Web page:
From: Hans Aberg (firstname.lastname@example.org)
Date: Tue Jan 18 2005 - 18:09:33 CST
On 2005/01/18 21:25, Jon Hanna at email@example.com wrote:
>> Under C/C++, one will use a wchar_t which is always of exactly 32-bit,
>> regardless what internal word structure the CPU is using in
>> its memory bus.
> wchar_t can be 7bits in size or more than 128bits.
Whatever it can be, modern platforms, such as GNU, have decided that it
won't, but will be 32 bits. See
>>> Not sure if I understand you correctly. What about 00 vs.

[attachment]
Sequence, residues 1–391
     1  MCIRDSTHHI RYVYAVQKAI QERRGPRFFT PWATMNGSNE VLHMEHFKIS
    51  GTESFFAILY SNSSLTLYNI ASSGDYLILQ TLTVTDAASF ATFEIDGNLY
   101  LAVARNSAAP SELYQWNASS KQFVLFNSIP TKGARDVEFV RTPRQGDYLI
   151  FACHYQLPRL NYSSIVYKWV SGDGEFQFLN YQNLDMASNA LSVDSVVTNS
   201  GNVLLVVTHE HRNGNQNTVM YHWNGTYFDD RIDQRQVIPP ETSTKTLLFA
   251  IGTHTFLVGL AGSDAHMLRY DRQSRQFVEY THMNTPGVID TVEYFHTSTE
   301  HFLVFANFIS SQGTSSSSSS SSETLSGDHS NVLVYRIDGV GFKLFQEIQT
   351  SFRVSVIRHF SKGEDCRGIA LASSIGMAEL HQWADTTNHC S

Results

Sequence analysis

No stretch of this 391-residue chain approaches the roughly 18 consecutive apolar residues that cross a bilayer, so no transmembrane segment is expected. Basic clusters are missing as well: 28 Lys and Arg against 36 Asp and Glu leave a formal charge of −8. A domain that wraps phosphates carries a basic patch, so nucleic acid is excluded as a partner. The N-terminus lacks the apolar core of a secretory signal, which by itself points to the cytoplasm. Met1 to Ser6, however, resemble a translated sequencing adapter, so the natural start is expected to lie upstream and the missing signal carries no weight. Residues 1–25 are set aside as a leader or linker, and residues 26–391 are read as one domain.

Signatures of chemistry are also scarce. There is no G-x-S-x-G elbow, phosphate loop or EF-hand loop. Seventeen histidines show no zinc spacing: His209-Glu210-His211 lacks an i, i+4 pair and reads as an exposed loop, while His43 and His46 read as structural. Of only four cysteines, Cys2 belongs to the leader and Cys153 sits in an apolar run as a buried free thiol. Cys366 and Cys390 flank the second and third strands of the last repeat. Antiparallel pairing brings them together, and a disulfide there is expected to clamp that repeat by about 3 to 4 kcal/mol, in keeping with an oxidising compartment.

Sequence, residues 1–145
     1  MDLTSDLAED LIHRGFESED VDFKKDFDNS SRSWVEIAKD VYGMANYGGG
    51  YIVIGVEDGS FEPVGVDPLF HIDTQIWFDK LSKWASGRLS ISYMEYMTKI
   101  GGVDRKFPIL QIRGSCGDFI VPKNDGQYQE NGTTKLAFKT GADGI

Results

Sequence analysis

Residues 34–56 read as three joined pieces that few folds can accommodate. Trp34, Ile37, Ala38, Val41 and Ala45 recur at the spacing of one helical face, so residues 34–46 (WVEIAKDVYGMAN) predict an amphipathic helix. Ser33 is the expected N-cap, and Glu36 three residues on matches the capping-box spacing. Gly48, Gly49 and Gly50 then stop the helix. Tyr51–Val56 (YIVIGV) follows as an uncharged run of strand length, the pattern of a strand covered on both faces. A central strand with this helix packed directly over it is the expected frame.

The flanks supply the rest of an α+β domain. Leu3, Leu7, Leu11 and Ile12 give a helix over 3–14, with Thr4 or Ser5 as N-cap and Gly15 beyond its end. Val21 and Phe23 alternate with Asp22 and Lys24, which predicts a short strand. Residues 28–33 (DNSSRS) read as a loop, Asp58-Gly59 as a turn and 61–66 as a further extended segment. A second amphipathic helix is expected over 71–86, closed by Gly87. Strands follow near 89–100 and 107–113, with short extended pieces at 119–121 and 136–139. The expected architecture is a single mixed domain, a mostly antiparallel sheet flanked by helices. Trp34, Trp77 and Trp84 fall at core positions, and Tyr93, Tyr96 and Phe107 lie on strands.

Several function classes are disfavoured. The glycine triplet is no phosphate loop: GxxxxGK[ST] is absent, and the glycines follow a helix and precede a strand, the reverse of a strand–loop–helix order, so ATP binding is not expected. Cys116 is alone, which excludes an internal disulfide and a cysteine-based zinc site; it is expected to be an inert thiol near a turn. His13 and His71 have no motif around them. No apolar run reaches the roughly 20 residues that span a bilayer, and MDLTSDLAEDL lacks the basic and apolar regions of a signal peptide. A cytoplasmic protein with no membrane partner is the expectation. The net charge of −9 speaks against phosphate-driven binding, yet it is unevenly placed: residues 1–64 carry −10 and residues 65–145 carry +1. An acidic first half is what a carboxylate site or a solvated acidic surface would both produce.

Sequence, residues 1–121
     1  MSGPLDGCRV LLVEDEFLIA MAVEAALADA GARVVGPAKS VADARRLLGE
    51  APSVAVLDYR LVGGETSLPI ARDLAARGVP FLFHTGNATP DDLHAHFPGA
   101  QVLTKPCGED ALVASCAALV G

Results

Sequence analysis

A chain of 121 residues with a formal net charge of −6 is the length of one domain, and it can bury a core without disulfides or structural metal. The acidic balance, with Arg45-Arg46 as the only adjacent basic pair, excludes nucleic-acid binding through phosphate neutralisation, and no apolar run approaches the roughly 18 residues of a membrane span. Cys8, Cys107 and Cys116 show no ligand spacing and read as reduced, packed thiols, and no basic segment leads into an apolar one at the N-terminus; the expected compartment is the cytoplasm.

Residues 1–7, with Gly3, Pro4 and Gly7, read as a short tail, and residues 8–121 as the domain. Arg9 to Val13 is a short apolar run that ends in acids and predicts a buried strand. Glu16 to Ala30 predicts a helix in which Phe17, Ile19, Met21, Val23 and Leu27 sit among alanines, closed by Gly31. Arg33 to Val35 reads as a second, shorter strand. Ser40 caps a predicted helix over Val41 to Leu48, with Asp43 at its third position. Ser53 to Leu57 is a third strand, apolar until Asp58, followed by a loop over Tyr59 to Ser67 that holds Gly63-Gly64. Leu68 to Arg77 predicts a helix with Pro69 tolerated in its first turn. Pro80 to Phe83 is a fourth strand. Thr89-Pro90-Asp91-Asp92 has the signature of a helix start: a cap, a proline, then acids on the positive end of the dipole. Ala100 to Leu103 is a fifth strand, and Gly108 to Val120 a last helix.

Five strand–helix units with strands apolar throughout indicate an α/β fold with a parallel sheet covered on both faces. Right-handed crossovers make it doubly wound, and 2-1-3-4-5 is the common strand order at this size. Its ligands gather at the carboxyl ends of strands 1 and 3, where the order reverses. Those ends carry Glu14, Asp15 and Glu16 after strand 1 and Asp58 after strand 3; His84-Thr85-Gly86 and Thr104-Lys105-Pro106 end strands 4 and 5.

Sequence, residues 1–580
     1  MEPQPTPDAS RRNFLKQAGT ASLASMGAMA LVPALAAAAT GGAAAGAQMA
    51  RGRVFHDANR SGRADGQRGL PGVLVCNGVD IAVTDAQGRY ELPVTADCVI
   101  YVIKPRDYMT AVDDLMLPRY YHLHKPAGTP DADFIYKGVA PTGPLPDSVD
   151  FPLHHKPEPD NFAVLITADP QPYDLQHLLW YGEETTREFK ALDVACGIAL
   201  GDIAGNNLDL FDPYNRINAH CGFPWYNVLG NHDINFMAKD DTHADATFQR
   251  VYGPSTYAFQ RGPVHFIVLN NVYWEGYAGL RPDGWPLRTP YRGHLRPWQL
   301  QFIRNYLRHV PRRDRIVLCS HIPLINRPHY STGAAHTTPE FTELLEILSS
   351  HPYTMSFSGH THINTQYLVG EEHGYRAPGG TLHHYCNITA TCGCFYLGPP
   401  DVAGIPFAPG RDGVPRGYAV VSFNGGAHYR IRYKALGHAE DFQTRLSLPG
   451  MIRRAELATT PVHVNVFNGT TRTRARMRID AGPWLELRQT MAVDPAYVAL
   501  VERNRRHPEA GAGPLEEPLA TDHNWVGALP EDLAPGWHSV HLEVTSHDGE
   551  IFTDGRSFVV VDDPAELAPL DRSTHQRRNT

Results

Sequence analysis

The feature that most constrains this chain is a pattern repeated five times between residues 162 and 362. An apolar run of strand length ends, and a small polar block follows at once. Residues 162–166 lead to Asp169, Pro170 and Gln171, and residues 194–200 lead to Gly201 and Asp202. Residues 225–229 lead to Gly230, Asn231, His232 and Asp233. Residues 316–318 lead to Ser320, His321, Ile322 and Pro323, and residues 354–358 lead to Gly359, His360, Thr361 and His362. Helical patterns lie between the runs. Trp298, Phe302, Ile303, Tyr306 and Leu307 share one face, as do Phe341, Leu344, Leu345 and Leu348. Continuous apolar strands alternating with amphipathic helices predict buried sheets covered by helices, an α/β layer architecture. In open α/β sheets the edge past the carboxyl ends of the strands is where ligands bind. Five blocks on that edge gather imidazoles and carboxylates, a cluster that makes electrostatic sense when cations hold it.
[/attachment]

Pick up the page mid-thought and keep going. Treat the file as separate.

>> C0.80, E0.80.80,
>>> FE.188.8.131.52.80.80 etc.?
>> I have added functions that admit creating regular
>> expressions also for the
>> overloaded UTF-BSS ("UTF-8") multibytes. This way, a lexer can provide
> They aren't "overloaded", they are invalid.
You probaly mean that the overloaded UTF-BSS (or whatever the correct name
is) multibytes are illegal under UTF-8.
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